Monday, January 9, 2017

January 8, 1941: Billions For Defense

Wednesday 8 January 1941

8 January 1941 HMS Gloucester
HMS Gloucester enters Grand Harbour, Malta on 8 January 1941.
Italian/Greek Campaign: Greek Commander-in-chief Papagos on 8 January 1941 launches a major attack on the Italian Julia division defending Klisura Pass. The Greek II Corps leads the attack, with the 1st Division on the left and the 15th and 11th Divisions on the right. The Greeks make good progress in very hard fighting, putting themselves in a position to finally capture the pass.

The Klisura Pass is considered necessary for the Greeks to press on and take the critical Italian port of Valona and free troops for the defense of eastern Greece against an anticipated German invasion from Bulgaria. The Italian commander in Albania, Cavallero, immediately begins transferring troops from other sectors with which he intended to launch his own offensive.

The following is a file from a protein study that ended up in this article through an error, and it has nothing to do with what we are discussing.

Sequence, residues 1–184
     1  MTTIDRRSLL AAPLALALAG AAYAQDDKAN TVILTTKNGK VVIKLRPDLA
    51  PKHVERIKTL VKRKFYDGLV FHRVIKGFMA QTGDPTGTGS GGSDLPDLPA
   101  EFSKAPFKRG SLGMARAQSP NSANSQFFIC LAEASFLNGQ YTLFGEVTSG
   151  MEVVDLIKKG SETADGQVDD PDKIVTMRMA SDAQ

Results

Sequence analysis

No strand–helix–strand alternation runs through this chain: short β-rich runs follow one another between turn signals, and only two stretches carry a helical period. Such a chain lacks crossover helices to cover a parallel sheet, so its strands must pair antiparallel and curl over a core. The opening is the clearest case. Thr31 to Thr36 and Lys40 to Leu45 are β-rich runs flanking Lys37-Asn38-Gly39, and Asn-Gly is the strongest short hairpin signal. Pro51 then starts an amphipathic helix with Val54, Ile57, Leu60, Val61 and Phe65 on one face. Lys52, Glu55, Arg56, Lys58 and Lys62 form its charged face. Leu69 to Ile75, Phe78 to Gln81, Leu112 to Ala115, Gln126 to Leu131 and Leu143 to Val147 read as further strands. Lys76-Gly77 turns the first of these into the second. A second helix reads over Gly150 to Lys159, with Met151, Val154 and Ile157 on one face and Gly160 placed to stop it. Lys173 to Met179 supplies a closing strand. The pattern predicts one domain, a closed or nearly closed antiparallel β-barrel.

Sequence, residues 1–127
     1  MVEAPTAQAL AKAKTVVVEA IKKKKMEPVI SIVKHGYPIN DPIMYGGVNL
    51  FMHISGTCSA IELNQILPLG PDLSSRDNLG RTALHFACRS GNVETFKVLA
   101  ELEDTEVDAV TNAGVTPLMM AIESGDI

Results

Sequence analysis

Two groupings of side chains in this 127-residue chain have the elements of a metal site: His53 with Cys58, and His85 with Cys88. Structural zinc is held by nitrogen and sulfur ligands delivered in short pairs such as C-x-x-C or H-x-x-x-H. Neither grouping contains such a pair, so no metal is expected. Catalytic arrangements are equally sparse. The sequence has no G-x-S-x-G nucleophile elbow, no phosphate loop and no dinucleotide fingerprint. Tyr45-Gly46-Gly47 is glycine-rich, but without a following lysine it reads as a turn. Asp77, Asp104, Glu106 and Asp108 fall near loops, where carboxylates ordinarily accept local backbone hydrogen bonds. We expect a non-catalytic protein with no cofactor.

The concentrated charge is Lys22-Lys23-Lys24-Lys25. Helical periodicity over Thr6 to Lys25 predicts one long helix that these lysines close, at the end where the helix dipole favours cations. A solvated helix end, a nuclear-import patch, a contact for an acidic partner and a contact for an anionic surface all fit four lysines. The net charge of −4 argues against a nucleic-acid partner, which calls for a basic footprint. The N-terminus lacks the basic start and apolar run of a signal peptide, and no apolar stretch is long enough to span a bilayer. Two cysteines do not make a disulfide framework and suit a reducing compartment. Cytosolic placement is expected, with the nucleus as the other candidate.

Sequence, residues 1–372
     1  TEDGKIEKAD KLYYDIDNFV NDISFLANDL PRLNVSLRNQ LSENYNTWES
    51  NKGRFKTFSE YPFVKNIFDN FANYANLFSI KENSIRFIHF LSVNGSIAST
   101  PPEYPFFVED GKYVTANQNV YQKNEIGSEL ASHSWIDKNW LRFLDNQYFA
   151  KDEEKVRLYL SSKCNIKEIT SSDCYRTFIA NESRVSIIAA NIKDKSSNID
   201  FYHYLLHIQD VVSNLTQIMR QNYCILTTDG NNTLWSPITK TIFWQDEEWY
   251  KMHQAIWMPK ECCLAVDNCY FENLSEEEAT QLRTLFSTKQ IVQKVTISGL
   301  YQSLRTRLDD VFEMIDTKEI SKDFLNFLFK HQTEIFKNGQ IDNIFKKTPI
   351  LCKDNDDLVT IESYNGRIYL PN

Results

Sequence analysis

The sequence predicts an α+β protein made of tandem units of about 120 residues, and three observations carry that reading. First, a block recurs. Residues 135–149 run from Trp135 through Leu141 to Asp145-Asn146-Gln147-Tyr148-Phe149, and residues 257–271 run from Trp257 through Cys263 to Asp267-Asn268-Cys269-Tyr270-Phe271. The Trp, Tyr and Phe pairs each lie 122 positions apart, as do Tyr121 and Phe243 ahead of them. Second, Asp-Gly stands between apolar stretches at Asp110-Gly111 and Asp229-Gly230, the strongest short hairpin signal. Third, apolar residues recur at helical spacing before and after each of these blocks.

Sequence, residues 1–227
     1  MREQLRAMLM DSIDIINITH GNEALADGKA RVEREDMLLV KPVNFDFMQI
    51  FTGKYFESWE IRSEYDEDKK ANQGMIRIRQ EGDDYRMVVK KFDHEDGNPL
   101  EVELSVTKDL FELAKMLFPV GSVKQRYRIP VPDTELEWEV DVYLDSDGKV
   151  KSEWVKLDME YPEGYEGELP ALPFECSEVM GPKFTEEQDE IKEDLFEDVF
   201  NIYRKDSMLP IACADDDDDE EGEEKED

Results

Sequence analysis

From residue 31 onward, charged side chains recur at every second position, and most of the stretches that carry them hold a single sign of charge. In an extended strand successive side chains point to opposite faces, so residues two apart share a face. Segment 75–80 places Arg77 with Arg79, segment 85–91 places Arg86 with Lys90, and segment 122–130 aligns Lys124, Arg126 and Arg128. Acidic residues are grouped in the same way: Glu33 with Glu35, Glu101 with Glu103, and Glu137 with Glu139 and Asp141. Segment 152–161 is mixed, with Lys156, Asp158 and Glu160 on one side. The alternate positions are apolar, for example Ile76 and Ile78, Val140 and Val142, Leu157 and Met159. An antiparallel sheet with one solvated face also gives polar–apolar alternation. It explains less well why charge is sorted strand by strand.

European Air Operations: The RAF air command on Malta launches a night raid against Naples. The Italians have dispersed their fleet to Naples and other points, but the RAF is tracking them down. Battleship Giulio Cesare is damaged slightly by three near misses and must be moved to La Spezia for repairs. It is not as significant a blow as it might be, because the Italians are not using their capital ships anyway - though they have plenty of fuel to do so if they wished.